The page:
US construction spending fell 0.8 percent from a month earlier at a seasonally adjusted annual rate of USD 1.29 trillion in May 2019, after an upwardly revised 0.4 percent rise in the previous month and below market expectations of a 0.1 percent gain. It was the largest decline since November last year, as spending on private construction dropped 0.7 percent, after declining 1 percent in April, as investment in private residential projects fell for the fifth consecutive month to its weakest since December 2016 (-0.6 percent, the same as in April) and nonresidential structures (-0.9 percent vs -1.4 percent). Also, investment in public construction decreased 0.9 percent, after rising 4.5 percent in the prior month, of which state and local government construction projects (-0.6 percent vs 4.3 percent) and federal government projects (-5.2 percent vs 7.3 percent). Construction Spending in the United States averaged 0.44 percent from 1964 until 2019, reaching an all time high of 5.90 percent in April of 1978 and a record low of -4.80 percent in February of 1975.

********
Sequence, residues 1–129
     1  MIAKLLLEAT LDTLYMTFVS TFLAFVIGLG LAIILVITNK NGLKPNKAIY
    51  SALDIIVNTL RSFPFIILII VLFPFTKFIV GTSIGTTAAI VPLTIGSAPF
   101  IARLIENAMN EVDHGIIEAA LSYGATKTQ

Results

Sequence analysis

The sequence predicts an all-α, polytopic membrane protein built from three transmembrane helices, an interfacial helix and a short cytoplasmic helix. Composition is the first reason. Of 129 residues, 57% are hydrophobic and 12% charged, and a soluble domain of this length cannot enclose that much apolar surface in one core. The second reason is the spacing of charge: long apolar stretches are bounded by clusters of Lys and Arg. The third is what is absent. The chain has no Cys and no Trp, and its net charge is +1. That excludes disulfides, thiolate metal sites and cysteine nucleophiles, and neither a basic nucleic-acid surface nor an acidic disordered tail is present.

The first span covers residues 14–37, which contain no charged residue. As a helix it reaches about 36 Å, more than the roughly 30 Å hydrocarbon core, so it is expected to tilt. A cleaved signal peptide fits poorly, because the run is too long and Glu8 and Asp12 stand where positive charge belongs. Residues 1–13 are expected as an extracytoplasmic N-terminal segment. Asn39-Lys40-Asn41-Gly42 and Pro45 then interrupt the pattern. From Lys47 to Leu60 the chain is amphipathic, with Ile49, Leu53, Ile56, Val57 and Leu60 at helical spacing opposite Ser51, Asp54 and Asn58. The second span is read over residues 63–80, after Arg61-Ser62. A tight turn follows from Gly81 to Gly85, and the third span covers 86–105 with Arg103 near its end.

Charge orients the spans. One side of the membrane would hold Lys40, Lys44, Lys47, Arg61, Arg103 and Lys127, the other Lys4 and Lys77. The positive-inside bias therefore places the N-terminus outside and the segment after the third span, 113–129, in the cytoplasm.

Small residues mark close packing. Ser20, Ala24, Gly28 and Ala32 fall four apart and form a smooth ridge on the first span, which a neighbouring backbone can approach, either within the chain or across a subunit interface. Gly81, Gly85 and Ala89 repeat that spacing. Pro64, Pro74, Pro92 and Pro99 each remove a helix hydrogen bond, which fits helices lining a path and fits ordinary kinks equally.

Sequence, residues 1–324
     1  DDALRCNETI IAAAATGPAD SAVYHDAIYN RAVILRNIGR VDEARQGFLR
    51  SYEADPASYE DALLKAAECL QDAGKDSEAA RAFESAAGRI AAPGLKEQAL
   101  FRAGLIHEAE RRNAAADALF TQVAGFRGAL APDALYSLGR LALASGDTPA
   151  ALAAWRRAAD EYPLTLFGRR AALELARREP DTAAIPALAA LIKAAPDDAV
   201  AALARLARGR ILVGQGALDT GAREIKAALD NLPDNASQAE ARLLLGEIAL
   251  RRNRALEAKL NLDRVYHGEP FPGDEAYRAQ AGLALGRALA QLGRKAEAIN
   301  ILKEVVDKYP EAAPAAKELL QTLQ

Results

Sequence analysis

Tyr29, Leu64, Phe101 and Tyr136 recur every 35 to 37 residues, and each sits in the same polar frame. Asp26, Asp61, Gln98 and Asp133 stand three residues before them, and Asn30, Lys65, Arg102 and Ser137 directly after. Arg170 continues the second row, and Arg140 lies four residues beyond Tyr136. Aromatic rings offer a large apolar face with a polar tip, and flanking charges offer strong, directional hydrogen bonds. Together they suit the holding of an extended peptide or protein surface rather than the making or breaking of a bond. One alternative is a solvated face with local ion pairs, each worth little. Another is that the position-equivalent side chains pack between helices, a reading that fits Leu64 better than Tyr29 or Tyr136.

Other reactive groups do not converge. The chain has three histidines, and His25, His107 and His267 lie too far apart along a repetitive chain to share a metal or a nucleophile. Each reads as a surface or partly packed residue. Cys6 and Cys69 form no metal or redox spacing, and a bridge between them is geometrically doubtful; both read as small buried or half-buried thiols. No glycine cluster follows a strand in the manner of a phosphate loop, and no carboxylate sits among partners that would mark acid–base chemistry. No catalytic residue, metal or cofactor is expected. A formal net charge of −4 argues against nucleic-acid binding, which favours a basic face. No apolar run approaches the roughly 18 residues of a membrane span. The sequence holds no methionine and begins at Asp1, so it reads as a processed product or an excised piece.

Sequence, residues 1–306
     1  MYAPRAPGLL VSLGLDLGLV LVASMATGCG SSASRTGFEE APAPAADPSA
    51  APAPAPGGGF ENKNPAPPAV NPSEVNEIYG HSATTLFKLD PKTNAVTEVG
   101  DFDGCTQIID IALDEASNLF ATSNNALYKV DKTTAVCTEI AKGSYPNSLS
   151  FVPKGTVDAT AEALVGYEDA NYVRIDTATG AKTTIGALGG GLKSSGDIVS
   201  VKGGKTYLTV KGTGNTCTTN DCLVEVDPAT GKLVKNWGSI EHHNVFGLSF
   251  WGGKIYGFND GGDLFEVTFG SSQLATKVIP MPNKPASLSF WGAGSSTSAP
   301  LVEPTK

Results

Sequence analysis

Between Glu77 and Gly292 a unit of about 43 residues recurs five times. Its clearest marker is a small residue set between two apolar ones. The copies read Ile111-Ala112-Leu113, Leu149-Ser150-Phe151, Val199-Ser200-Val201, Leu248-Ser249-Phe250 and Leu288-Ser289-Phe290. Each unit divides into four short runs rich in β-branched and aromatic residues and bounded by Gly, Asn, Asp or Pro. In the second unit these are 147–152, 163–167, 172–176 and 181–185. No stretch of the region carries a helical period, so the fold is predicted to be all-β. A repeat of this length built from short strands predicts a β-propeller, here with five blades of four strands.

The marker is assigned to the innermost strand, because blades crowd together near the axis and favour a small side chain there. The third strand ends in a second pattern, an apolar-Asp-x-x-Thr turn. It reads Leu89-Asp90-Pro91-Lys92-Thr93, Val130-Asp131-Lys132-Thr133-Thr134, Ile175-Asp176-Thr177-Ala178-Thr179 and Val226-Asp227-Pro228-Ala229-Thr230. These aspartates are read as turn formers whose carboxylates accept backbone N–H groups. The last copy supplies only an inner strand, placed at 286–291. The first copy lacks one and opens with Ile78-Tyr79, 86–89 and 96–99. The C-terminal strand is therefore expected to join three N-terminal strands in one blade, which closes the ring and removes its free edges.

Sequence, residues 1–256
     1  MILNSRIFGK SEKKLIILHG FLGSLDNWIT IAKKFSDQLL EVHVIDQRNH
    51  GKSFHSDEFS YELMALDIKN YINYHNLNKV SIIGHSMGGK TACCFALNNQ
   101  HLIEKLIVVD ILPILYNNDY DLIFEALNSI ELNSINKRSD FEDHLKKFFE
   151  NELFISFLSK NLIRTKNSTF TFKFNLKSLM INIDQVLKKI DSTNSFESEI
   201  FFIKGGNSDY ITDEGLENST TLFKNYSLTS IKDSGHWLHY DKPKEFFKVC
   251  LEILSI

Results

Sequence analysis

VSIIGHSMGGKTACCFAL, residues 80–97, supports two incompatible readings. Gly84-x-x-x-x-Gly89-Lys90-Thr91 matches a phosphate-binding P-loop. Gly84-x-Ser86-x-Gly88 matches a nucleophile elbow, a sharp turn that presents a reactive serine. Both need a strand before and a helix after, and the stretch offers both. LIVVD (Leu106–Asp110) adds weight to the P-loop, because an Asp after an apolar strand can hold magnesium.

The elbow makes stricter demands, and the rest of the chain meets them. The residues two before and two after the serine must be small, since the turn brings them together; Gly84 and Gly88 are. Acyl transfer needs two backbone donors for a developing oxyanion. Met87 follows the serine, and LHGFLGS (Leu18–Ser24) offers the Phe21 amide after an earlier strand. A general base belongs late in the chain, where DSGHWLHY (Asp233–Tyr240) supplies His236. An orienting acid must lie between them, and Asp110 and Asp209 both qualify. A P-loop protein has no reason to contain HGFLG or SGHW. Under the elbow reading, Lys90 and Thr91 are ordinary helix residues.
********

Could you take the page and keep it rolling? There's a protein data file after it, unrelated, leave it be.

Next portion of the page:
Construction Spending in the United States is expected to be 0.80 percent by the end of this quarter, according to Trading Economics global macro models and analysts expectations. Looking forward, we estimate Construction Spending in the United States to stand at 0.30 in 12 months time. In the long-term, the United States Construction Spending is projected to trend around 0.40 percent in 2020, according to our econometric models.